Monday, January 17, 2005

Image Hosted by

Speculative fiction based on the famous Vermeer painting, starring the current Hollywood "It" girl, Scarlett Johansson, who bears a spooky resemblance to the young lady in the actual painting itself. Colin Firth is Vermeer, who is shown to be only interested in his art, but whose no-nonsense, all-business mother-in-law peddles his talents to his patron, a man named Van Ruijven, whose money is needed for the family to survive. Johansson plays Griet, a young girl who comes to work as a servant in the Vermeer household and soon becomes an inspiration and helper to the painter, and a source of irritation for his jealous and possessive wife. This is a bit slow-moving sometimes, but I suppose the fascination I have with films about painters (Pollack, Frida) overrules all because I liked this one a lot. The sets and period detail were first-rate, director Peter Webber does an excellent job of crafting this like a painting itself, with moody, contrasty lighting and rich, bold color when needed, and the performances were all excellent, with Judy Parfitt as the Mom-in-law and Johansson standing out. I loved the scenes in which Webber recreates some of Vanmeer's paintings with real-life actors, Griet helps Vanmeer mix his paints, and the realistic depictions of the bustling kitchen. Someday someone is going to make a movie about painters and paintings that doesn't make me want to dig my brushes out again, but this ain't that.

The second of the P.T. Anderson films I viewed back-to-back, Punch-Drunk Love is most notable for the understated, but deceptively good, performance of Adam Sandler as Barry Egan, a shy, awkward man with anger management issues who works in a designer toilet-plunger warehouse. Complicating things is his ongoing battle with phone sex scammers (he called a 1-900 line one evening, just to talk more than anything) and a compulsion to take advantage of Healthy Choice soup's frequent flyer minutes promotional gimmick. When one of his sisters introduces him to Lena, played by Emily Watson, his life begins to change for the better- if he could just get rid of the phone-sex goons. As quirky romantic comedies go, this one's pretty good- never going for the obvious laugh when one can be sneaked in sideways. The soundtrack also features Harry Nilsson's "He Needs Me", from the out-of-print Popeye soundtrack, which is the only place to find this song.

Last year's Clint Eastwood Oscar shoo-in finally aired on HBO, so I sat and watched it. It simply screamed SIGNIFICANT DRAMA through and through, and perhaps it's just my contrary nature but I was kinda underwhelmed by it all. You probably know the story but I'll recap it for ya anyway: Childhood pals Sean Penn, Kevin Bacon and Tim Robbins grow up scarred by the abduction and abuse of Robbins' Dave; Penn becomes a Sopranos-type local mob boss who has served time, Bacon becomes a police detective, and Robbins somehow manages to get married and father a son, but is unemployed and broke. Things come to a head when Penn's daughter is found murdered in the park and all signs point to Robbins as the killer. The performances were uneven; Sean Penn overacted when he wasn't underacting and just couldn't seem to find a middle ground, Tim Robbins was good but he kept making me think of Dustin Hoffman's Rain Man; Laurence Fishburne was so low-key he barely registered, and out of all the leads I'd say that Kevin Bacon, of all people, was best because he wasn't trying so hard and came across as the most natural. Even Marcia Gay Harden, who's usually always money, was shaky and overwrought playing Robbins', well, shaky and overwrought wife. This was kinda set up as a murder mystery, and we see Bacon & Fishburne going through the motions of solving the case, but the solution just sorta happens and there's no suspense. Yeah, I know- the real suspense was supposed to be in the events between Penn and Robbins and all that childhood buddies stuff, and while I appreciated the Shakespearean-tragedy-type twist at the end you never really get the feeling that Robbins' Dave character was any sort of a match for Penn's thugs, or any indication that Penn even liked Dave all that much, so there's no resonance. Mystic River was involving enough, but I don't really have any big desire to see it again anytime soon.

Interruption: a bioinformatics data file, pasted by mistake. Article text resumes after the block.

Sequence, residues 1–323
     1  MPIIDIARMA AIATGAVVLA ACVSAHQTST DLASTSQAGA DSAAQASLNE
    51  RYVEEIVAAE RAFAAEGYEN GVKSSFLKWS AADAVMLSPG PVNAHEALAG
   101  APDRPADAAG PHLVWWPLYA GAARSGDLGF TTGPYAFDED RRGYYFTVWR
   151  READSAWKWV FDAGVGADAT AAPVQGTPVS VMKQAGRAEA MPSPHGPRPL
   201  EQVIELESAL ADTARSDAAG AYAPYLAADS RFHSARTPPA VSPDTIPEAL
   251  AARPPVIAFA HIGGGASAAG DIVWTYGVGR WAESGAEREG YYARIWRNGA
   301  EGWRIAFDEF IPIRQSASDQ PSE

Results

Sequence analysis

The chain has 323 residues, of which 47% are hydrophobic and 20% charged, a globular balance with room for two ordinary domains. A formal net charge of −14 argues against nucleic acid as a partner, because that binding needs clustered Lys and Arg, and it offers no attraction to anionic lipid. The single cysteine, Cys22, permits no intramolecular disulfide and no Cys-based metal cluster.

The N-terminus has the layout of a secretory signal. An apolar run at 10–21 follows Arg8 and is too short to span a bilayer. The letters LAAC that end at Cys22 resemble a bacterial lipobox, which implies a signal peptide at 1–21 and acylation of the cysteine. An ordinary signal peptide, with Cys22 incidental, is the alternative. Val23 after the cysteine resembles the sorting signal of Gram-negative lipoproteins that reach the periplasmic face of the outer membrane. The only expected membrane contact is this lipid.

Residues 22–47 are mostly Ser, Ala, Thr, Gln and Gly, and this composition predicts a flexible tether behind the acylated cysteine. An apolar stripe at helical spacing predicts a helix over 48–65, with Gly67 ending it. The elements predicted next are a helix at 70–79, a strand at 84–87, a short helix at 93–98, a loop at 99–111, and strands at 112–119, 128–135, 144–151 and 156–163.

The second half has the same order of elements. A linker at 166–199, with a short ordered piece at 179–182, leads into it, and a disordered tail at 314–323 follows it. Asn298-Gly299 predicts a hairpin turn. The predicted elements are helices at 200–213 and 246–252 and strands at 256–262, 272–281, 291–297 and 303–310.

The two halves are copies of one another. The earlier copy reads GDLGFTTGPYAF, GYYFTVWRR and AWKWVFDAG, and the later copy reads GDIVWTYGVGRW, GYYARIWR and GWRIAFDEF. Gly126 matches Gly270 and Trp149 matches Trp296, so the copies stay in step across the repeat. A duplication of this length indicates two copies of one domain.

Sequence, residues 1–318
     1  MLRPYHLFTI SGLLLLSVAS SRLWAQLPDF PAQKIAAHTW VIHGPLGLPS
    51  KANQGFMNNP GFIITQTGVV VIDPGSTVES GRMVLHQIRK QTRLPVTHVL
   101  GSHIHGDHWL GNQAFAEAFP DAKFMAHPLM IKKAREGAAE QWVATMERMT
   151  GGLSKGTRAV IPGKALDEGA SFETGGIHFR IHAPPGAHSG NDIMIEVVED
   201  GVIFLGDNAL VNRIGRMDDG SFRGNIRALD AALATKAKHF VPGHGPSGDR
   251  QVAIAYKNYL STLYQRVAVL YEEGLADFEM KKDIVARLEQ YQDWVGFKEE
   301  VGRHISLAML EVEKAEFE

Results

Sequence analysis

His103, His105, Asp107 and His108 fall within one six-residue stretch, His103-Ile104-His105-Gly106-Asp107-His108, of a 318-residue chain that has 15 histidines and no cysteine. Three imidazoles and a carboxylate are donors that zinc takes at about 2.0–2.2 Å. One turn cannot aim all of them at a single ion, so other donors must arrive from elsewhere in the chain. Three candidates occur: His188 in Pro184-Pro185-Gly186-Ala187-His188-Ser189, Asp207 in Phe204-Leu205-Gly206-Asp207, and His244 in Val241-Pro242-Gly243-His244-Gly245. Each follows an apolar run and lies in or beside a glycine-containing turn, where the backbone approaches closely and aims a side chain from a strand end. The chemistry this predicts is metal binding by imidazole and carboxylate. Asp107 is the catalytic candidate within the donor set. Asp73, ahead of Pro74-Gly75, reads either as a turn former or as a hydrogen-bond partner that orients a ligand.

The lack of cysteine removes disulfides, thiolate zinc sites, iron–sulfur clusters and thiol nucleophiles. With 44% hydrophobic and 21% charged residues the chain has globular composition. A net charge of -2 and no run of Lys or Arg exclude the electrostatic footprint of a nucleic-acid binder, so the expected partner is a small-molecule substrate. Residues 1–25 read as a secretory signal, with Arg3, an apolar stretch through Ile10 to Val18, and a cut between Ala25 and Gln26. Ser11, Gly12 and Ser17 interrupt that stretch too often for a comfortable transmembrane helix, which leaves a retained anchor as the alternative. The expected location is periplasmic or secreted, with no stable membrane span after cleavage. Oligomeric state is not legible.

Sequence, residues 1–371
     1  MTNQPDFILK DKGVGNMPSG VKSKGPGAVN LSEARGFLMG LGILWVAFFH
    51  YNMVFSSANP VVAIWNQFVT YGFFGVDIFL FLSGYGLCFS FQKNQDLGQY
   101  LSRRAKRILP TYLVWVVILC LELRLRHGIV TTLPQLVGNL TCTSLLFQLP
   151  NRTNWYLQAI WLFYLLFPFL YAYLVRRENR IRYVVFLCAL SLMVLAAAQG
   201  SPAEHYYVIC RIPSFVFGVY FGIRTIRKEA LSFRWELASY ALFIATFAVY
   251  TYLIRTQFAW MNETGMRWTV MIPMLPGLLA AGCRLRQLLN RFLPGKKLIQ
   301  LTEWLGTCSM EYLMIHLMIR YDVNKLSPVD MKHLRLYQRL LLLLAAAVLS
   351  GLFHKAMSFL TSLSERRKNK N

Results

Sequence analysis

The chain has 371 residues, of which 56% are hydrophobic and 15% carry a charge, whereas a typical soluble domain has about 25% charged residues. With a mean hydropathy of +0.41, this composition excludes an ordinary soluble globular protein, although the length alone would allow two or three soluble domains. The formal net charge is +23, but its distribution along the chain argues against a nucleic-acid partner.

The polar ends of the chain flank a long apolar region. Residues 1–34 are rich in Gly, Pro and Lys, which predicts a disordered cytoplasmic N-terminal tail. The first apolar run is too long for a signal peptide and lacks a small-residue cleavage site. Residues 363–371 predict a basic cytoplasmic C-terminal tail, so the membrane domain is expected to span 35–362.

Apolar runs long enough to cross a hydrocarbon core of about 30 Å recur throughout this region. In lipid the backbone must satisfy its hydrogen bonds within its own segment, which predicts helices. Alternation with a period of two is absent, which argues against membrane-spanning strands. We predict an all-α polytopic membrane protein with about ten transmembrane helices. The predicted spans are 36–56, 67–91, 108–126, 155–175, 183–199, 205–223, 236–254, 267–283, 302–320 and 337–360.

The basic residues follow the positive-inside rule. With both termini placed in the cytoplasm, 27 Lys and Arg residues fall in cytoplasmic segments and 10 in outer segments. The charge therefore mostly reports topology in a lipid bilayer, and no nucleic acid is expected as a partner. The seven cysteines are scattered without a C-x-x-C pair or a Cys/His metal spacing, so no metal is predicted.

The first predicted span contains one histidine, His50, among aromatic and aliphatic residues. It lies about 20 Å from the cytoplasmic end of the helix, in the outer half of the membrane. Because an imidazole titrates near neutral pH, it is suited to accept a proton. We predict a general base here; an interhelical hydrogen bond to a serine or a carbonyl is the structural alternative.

Out in theatres on Sept. 12, 2003, and straight to video two months later, this Bob Rafelson-directed wannabe noir squanders two great leads, Samuel L. Jackson and JB Show favorite Milla Jovovich with a dull and improbable bank-heist story with a high "Oh, come on" quotient. Still, if you ...admire... Milla as much as I do, she looks great and even has a shower scene. Samuel L. plays a police detective who is an amateur cellist. He's preparing to leave for a fantasy cellist camp (with Yo-Yo Ma as a teacher) when he's asked by a friend to search for her missing daughter. He reluctantly agrees, and sets out with the missing girls picture in hand to canvas the neighborhood in which she was last seen. One slight problem- one of the houses in the neighborhood is serving as the command center for the heist gang. They overpower Jackson, worried that he might be on to them, and leave him tied to a chair in the house with Milla watching over him as they go to knock off the bank. Jackson gives his standard exasperated tough-guy role, and someone named Stellan Skarsgard makes an impression as the prissy leader of the heist gang with some of the worst dialogue I've ever heard for this type of film. Worth watching once if you see it on cable, I suppose, but I wouldn't go out of my way if I were you.

More later...stay tuned for JOHNNY B HEART NETFLIX part THREE!

No comments: